Do I Really Need Business Interruption Insurance?
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This really depends on you, and the nature of your business. If you carry a lot of stock, or you need your precise business premises to operate effectively, then this kind of insurance is likely the only way you’d be able to survive a physical disaster. But if you could feasibly be operational again within a couple of days from another office, then maybe you’ll be able to ride out the restoration period on your own. Only you will know that for sure.
However, there are other factors that need a little consideration.
You would also need to take customer loyalty into account – will your clients stay loyal if you’re unable to help them with their orders for a couple of weeks, or a couple of months? Is it likely that a competitor will swoop in and draw your customers away during this time of uncertainty? Will a situation like this shake your staff up and encourage them to seek employment in a more stable environment? Are you carrying imported stock that is difficult to replace, or does your business hold customer’s personal and precious items that are irreplaceable?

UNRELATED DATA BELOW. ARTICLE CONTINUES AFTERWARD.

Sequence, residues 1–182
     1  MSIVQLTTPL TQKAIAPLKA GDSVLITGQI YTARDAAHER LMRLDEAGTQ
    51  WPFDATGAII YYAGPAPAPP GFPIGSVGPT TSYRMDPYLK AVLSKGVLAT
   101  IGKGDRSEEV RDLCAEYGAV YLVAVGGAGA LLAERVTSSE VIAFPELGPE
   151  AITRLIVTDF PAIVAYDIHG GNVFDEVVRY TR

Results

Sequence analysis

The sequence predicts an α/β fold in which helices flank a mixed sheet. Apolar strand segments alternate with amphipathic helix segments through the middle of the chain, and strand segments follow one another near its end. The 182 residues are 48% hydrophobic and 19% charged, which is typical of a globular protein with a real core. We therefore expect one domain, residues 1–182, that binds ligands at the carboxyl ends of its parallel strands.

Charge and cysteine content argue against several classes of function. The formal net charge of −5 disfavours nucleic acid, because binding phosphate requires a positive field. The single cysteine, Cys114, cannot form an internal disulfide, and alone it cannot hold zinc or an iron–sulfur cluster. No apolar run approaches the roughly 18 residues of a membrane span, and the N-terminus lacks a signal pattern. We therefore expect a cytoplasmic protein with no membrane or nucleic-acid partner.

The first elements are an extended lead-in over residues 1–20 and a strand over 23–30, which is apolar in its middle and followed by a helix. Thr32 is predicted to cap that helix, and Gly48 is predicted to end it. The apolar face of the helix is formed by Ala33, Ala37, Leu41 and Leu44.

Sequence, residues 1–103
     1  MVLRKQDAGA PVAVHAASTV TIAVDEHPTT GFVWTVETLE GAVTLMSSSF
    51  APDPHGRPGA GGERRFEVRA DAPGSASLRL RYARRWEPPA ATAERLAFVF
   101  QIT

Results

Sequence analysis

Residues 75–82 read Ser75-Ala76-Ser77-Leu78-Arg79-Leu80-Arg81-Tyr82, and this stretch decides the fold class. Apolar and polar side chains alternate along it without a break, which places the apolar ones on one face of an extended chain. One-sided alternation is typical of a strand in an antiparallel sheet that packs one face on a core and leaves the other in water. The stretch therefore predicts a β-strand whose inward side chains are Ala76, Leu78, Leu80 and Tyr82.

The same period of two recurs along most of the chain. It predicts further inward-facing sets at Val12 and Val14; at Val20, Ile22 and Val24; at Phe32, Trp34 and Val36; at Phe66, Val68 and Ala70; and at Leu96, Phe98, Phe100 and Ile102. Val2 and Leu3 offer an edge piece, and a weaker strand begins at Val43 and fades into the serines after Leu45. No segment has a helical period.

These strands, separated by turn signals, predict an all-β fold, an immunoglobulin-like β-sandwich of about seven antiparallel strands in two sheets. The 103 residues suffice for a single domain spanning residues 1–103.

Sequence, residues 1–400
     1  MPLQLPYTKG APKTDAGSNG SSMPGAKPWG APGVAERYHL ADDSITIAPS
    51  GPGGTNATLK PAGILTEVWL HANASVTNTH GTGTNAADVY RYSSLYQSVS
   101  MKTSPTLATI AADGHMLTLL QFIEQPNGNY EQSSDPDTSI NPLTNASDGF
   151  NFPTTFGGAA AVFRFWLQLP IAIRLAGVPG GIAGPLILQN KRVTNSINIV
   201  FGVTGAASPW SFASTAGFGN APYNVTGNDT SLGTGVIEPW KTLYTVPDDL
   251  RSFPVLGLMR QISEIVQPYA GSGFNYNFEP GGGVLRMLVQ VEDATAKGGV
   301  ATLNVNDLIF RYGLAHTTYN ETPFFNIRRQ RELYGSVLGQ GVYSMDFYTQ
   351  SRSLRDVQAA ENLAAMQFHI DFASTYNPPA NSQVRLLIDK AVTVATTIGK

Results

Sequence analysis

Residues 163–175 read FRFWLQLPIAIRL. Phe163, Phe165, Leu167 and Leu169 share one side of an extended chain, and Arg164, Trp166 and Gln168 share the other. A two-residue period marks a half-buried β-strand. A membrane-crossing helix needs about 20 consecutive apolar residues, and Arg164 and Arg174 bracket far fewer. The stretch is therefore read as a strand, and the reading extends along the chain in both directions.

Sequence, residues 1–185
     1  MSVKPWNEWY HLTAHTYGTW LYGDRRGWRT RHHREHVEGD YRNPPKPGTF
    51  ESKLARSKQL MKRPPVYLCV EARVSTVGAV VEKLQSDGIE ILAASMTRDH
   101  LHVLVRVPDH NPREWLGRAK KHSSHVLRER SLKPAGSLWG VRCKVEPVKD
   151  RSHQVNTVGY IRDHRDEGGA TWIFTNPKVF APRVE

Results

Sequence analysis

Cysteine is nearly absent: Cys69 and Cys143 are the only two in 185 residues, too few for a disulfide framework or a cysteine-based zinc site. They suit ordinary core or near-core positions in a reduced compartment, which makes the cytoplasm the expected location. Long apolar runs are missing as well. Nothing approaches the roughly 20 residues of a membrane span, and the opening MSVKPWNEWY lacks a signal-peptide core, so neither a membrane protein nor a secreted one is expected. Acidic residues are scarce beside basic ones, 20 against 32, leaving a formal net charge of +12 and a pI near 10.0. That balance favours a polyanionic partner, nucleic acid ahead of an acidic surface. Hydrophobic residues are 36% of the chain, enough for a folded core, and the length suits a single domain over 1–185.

The facts show that even when your business is fully operational again, you may never fully recover from the loss of customers. So it stands to reason that in today’s driven, competitive and volatile market, you would take every reasonable precaution to protect your business.
Some interesting facts:
An online report by Safety Management UK states that 70% of businesses do not reopen after a fire. Most business owners are careful to cover themselves for fraud or theft, but let’s face it – a fire is always something that happens to someone else.
Further research shows that 40% of businesses which suffered a disaster (including natural disasters) did not reopen, and of those that did, 29% were closed within a year.
An additional factor which is often overlooked is the loss of data and technology. Ryan Scott states in his article on Forbes “… and guess what likely becomes of those that lost their information technology for nine days or more after a disaster? Bankruptcy within a year.”
Nine days? That’s a surprisingly short time to sink a business.
As with all insurance, whether or not you want to take out business interruption insurance, and how much you need, needs careful thought and discussion with a qualified Insurance Broker.
This article should not be considered legal or financial advice and is for information purposes only. You should consult with a professional financial advisor to determine what may be best for your individual needs.
Integration, Cause. “Will Your Business Recover From Disaster?” Forbes. Forbes Magazine, 30 Mar. 2016. Web. 21 June 2017.
Yates, Ben. “Is Yours One of the 70% of Businesses That Would Fail after a Fire?” 70% of Businesses Fail after a Fire? Safety Management UK, n.d. Web. 21 June 2017.